- New blog series: One SSD Technology a Day
- A SSD Technology a Day (1) – Static Data Rotation
- A SSD Technology a Day (2) – What’s the difference between SLC and MLC?
- A SSD Technology a Day (3) – Program and Erase Cycle (P/E)
- A SSD Technology a Day (4) – Redundant Array of Independent Silicon Elements (RAISE)
- A SSD Technology a Day (5) – Wear Leveling
- A SSD Technology a Day (6) – CacheCade
- A SSD Technology a Day (7) – Intelligent Bad Block Management
- A SSD Technology a Day (8) – eMLC and MLC-HET
In previous posts I talked about the wear and RAISE algorithms implemented by SSD controllers. One of the inevitable issues solid state memory is how to gracefully deal with bad blocks.
Bad blocks are flash memory blocks that contain one or more invalid bits whose reliability is not guaranteed because of faulty dies, over-charge leaks or wear-out. Bad blocks may exist even on a new disk.
Bad Block Management or Intelligent Block Management is an algorithm that monitors and maintains bad blocks within the NAND device. The controller maintains tables of known bad blocks and can replace the new bad blocks with spare blocks that are reserved for use. typically 4-10% of the usable capacity is reserved for Bad Block Management This practice further enhances the overall SSD lifespan and ensures that a few bad blocks will not affect the integrity of the drive and the SSD device still operate.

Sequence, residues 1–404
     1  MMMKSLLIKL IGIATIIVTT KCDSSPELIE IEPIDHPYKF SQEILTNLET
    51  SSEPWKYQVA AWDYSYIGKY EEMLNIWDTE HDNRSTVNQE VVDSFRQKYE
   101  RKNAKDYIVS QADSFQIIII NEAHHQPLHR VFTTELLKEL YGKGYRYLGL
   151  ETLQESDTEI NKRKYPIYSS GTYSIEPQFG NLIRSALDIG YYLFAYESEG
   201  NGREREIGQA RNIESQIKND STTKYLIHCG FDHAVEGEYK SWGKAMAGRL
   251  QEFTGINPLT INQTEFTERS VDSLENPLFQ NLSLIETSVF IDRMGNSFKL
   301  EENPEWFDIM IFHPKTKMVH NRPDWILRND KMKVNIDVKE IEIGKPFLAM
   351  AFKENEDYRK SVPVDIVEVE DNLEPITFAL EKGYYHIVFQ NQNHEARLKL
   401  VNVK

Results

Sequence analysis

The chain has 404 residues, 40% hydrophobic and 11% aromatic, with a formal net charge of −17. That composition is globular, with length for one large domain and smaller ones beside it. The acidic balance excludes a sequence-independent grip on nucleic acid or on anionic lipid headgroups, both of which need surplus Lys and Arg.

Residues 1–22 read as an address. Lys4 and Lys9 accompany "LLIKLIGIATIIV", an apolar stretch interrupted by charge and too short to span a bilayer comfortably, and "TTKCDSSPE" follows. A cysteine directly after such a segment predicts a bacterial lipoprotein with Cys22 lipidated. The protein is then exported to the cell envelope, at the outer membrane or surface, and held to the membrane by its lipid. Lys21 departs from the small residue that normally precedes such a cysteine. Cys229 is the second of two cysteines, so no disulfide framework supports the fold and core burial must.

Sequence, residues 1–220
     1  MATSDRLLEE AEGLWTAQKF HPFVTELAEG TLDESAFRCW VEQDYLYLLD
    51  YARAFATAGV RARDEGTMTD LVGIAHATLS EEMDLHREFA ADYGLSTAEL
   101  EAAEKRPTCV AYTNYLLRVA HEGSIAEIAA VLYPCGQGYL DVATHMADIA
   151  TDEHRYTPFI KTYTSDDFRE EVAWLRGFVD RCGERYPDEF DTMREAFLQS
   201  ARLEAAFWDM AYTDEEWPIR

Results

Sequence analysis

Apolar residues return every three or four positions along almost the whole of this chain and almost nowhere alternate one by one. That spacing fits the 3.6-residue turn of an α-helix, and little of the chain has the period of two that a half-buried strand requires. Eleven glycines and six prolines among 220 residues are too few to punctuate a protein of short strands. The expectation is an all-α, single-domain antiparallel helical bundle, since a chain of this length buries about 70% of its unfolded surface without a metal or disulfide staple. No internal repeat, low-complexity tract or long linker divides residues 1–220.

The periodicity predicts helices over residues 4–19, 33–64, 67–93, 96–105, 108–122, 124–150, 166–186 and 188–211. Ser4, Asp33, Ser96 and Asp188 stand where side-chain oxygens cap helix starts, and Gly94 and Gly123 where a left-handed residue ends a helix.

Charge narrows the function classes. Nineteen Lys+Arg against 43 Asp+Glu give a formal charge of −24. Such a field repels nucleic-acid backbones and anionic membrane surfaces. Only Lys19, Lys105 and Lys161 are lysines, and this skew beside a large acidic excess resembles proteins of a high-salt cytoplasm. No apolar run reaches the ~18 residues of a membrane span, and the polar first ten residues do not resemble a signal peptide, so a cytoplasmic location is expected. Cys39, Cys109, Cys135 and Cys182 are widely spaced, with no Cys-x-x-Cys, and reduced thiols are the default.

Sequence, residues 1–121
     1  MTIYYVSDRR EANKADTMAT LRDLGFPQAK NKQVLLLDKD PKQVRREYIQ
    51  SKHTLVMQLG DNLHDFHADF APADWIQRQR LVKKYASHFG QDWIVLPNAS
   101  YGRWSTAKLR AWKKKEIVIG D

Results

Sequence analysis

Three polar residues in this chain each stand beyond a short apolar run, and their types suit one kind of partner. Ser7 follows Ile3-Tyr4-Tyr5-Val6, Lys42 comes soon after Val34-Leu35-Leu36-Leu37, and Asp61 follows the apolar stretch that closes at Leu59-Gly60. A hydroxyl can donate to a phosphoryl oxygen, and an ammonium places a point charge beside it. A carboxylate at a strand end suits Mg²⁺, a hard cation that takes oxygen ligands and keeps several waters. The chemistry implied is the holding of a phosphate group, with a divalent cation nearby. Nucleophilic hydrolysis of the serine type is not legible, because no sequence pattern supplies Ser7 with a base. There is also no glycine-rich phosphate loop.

Bad blocks are mapped as “do not use”and substituted with known good blocks from the percentage set aside for spare blocks. The percentage of bad blocks which can be accomodated is a product marketing decision and that is the reason why an 128GB SSD device will only present 120GB as available to use. The spare blocks come from over provisioning inside the SSD and using the capacity which is invisible to the user.
If the bad blocks exceed the remaining spare blocks for any reason- the SSD fails because the controller cannot safely substitute a block that has to be written on a new bad block and can result in data loss.
The measure for Bad Block Management is “Retired Block Count” but expect that count to go up as “SSD Life Left” nears 5-10%